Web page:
senting the Okaloosa County
Board of County
Commissioners.
The gas district has reported-
ly turned the current dispute over
to its lawyer.


Bayou. In any case, said
LaGuardia, "Sheen (a very light
coating of oil on the water's sur-
face) cannot be skimmed," and
must be allowed to degrade natu-
rally, and poses little threat to the
local environment in the amounts
reported.
Officials said anyone encoun-
tering oil on local shores or in the
water should avoid contact with
it. If you do get oil on your body,
they said, soap and water, dish-
washing detergent, or baby oil
are all effective for removing oil
from skin. Trained cleanup crews
are wearing protective clothing
when handling the oil. Casual
contact with oil is not likely to be
a health hazard to normally
healthy people.
Do not attempt to handle oil
or oiled wildlife, said officials,
but call the county's 311 infor-
mation line to report your obser-
vations. The local oil produces
little or no fumes, but people
with sensitive respiratory sys-
tems should avoid it as a precau-
tion, and report any health prob-
lems to your doctor. Health infor-
mation related to the oil spill is
available at
www.healthyokaloosa.com.


Free breakfast,
lunch for kids
Two schools in Niceville
will offer free breakfast and
lunch to low-income chil-
dren on weekdays under the
U.S. Agriculture
Department's summer food
program.
-Edge Elementary
School, 300 N. Highway 85,
Niceville, through July 30
(except July 5). Breakfast
7:30-8 a.m. Lunch 11:30
a.m.-noon.
-Ruckel Middle School,
201N Partin Drive, July 6-
23. Breakfast 7:15-7:30 a.m.
Lunch 12:30-1 p.m.
A list of participating
locations outside the Twin
Cities area is available from
the Okaloosa County School
District.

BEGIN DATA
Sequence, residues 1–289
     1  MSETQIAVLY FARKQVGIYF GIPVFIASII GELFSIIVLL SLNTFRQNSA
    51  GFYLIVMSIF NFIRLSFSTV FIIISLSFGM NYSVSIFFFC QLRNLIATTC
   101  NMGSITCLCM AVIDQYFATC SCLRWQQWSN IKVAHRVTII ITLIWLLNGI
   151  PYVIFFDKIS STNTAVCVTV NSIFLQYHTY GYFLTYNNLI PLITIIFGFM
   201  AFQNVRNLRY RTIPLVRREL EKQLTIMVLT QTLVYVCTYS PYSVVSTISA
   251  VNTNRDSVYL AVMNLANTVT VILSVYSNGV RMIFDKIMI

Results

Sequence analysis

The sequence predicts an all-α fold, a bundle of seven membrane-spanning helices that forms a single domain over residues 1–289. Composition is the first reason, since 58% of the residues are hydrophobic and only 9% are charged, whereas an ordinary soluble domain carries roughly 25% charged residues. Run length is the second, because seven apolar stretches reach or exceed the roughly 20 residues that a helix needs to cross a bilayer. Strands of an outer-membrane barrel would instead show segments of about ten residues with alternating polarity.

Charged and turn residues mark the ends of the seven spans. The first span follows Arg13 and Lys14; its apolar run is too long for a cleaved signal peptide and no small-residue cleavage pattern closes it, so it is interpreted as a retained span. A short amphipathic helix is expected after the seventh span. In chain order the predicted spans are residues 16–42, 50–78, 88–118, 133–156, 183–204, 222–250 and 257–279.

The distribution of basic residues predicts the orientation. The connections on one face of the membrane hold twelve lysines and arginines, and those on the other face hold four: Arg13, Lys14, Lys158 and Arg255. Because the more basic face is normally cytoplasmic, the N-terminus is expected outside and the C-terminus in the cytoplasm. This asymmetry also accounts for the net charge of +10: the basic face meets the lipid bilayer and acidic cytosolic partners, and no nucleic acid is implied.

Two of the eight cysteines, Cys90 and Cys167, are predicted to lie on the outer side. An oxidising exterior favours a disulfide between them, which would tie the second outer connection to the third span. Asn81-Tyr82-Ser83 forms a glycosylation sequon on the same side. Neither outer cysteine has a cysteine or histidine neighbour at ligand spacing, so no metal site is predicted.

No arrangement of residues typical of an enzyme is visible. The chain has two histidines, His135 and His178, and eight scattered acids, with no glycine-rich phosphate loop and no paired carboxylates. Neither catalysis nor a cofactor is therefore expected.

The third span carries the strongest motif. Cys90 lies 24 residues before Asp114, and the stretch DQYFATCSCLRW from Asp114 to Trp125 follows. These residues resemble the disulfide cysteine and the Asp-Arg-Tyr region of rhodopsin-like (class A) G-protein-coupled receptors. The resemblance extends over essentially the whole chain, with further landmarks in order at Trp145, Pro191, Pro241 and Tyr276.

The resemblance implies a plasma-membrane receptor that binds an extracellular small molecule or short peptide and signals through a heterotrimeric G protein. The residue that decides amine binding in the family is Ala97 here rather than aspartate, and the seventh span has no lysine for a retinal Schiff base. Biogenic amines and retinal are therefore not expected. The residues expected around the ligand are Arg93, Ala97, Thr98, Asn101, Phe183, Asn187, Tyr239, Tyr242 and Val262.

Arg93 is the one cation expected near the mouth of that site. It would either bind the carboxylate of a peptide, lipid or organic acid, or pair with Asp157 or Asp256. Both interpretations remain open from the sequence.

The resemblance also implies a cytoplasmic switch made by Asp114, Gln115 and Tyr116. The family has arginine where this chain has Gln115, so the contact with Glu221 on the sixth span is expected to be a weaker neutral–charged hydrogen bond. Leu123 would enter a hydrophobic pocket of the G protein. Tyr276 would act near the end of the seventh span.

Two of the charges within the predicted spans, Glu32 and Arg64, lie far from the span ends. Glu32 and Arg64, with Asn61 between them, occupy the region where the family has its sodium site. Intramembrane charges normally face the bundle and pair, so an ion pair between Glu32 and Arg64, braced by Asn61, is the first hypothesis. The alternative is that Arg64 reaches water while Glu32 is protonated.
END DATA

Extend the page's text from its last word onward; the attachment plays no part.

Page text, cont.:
Learn about

Admissions, Financial Aid,

Programs of Study

and MORE!


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100 College Blvd.
LRC, Room 131


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iw m mIR 1930 -I -"naIITF















Collegiate School


plans to celebrate


10th anniversary


Alumni, faculty and staff of
the Collegiate High School at
Northwest Florida State College
plan a series of special events to
commemorate the charter
school's 10th anniversary.
NWFSC and the Collegiate
High School will hold several
events throughout the 2010-2011
academic year, beginning with a
reunion weekend July 16 and 17,
and culminating with a special
event for the first Collegiate
High School graduating
class in May, 2011.
The reunion committee _
is completing plans for the I
10-year celebration kickoff
event the weekend of July 16
and 17. Plans include a reception
prior to the NWFSC summer
musical production of "Grease"
Friday, July 16 and a Saturday
afternoon fish-fry at Floyd's on
Okaloosa Island with music and
family-type activities.
The charter high school,
which was founded in 2000, is
an innovative public school oper-
ated by Northwest Florida State


I


College on its Niceville campus.
Since its founding, the
Collegiate High School has pro-
vided a unique educational envi-
ronment for motivated high
school students in grades 10, 11